Davos: A forum for change or a snow party for slebs?

As the world's movers and shakers gather on the snowy slopes of Davos this week, Rachel Woods, director of PR agency Fishburn Hedges, finds herself wondering, 'What's the point?'.

by Rachel Woods

Sure, every year WEF’s annual convention attracts an incredible line-up of the great and the good across business, government and civil society with a few celebs thrown in for media appeal. Yes, its ambitions are well-intentioned; a desire to improve the state of the world should never be undermined.  But - and at this point I must confess that I have only been once - as an avid follower of news coming out of Davos for the past 10 years, I have to wonder what it achieves, other than the occasional broken wrist from a slip on the ice.

Last year’s Forum, entitled ‘The Great Transformation’, didn’t even attempt to sum up its impact.  Rather, it points interested parties to its website and invites them to sift through every single blogpost and video to draw their own conclusions from the 260 sessions.  If the organisers themselves can’t even think how best to summarise the impact of their Forum then how on earth can they expect the rest of us to see its value?

It’s easy to criticise an event which seems out of touch with the current realities of the day.  As the 'establishment' is increasingly challenged by a new digital democracy, events such as Davos can look elitist, purely there for business gain.

But, in a world where social media is driving colossal change, perhaps we shouldn't be too quick to judge an event which somehow doesn't cut it when relayed via Twitter.  Surely, the real point of this gathering happens eyeball to eyeball; it is the ultimate in stakeholder engagement.  Nowhere else do global leaders and policy-makers come together, freed from their inboxes, to discuss long-term issues. It’s a way to take the world’s temperature in a variety of ways. So, here I am,  in (reluctant) defence of Davos, for four reasons.

1.    Davos may not shape the global agenda but it certainly reflects it.  If an issue makes it onto the Davos programme then it’s clearly an issue to be contended with.  And it’s a good way to spot trends as issues come and go.  Of course climate change hasn't ‘gone’ as an issue, but the current Davos chat suggests it is way down the priority list, after injecting economic dynamism into China, the instabilities of the financial system and obesity.  This year, the financial woes of the US look to be at the top of the agenda for plenary panel sessions and coffee shop chat alike.     

2.    As the FT’s Lionel Barber has suggested, the real purpose of Davos is to work out which crowd is the in-crowd.  Arguably the 2013 in-crowd, those with the greatest stake in and ability to improve the state of the world, are not represented at Davos. They are the government representatives from emerging markets, the small business owners, the activists campaigning for their cause online.  But Davos still reminds us who to keep a beady eye on during the course of the year – whether it’s the Asian economists or those with practical answers to questions about de-risking Africa.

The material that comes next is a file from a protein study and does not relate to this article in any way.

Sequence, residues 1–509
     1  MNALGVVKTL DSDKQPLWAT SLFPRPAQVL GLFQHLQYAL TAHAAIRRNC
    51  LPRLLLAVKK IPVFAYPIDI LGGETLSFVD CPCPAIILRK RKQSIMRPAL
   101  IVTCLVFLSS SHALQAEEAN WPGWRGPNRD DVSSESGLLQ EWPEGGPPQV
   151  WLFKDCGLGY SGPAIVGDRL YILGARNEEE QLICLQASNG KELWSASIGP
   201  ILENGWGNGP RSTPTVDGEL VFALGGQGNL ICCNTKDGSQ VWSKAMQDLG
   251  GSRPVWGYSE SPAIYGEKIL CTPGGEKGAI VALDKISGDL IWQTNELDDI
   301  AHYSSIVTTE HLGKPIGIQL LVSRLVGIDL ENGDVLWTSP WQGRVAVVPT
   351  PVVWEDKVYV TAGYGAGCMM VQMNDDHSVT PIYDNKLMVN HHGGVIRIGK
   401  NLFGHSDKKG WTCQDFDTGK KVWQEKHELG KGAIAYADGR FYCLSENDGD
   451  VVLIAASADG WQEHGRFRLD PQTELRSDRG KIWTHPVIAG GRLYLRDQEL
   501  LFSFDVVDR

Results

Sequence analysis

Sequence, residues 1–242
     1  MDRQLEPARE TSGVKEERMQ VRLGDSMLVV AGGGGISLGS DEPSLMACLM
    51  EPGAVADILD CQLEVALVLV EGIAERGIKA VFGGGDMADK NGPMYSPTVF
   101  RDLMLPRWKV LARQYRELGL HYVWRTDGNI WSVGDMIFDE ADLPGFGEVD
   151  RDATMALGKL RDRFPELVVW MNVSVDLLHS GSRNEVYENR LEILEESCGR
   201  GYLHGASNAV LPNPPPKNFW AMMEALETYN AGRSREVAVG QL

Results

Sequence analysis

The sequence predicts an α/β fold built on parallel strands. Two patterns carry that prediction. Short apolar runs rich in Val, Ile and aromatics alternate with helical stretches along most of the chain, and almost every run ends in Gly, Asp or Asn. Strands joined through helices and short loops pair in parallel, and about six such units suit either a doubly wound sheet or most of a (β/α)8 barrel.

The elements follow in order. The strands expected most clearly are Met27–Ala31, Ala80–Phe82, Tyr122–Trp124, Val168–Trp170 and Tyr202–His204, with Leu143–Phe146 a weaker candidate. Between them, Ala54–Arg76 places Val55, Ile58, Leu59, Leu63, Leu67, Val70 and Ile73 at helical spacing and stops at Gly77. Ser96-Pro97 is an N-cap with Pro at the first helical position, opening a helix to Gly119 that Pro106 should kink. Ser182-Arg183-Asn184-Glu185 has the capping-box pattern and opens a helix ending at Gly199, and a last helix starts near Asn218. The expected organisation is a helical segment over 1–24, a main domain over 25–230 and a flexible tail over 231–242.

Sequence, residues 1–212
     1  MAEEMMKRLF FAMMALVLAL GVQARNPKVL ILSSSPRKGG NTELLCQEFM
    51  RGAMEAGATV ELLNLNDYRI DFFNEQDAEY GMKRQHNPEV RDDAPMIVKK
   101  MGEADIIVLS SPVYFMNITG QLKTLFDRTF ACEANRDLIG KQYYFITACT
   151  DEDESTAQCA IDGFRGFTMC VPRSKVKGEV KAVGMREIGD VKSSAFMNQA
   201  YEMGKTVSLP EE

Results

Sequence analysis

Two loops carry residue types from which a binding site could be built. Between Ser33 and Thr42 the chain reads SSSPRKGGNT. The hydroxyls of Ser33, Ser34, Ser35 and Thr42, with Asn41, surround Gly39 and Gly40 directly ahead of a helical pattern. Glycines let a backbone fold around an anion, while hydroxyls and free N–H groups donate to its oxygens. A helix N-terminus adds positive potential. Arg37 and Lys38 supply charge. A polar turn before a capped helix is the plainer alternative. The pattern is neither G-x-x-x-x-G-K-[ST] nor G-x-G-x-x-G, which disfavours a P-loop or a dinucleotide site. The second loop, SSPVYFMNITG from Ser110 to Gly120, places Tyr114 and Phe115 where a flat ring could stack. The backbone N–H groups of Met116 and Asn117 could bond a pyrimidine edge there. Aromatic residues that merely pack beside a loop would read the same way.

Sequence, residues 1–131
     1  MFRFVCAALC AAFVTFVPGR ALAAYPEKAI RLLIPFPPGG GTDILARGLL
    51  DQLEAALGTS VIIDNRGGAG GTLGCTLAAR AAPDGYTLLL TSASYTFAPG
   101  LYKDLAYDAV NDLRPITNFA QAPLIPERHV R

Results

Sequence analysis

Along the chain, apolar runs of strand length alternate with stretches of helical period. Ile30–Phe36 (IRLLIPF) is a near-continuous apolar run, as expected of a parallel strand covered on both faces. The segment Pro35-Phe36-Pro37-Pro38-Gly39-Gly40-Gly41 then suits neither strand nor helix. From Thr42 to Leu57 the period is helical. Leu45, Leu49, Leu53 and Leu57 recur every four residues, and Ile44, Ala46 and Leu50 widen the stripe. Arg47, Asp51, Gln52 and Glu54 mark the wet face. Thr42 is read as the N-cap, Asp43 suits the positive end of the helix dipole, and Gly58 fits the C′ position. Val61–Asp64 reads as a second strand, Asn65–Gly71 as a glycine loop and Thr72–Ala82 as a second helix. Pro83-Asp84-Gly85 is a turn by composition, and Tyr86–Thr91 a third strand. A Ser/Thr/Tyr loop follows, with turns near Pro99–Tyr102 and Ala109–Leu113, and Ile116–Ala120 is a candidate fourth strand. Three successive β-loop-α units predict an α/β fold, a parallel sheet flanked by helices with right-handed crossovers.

3.    A gathering of such an illustrious grouping inevitably encourages people to ‘up their game’.  Business leaders and politicians are social animals – they want to be perceived in a positive light.  They want to keep up with the Joneses.  Davos gives everyone the opportunity to see who they major players are and who is slipping behind.  Even the question of ‘who is advertising?’ gives us an indicator of where confidence lies.

4.    And finally, as with any stakeholder engagement, what is underestimated when it comes to Davos is the preparation.  Endless briefing papers draw CEO's and chairs’ attention to mega trends and world problems.  For once, their airport reading is not their quarterly results and projections, but comment on the state of the world.  

Davos may not solve the world’s problems in a week, but it does keep essential lines of communication open.  Perhaps it enables senior people to communicate better with each other when they return to their desks – what the PR industry would call a ‘contact programme’ on speed.    

There’s much more that attendees and WEF itself can do to sell its value to those watching from the side-lines but, for now, let’s celebrate the world getting out from behind its computer screen and talking. Let’s face it, humanity’s problems will never be solved by an ‘everyone’ email.  To expect hard deliverables from Davos is to miss the point.      

Rachel Woods is a director on the corporate and brand reputation team at Fishburn Hedges.

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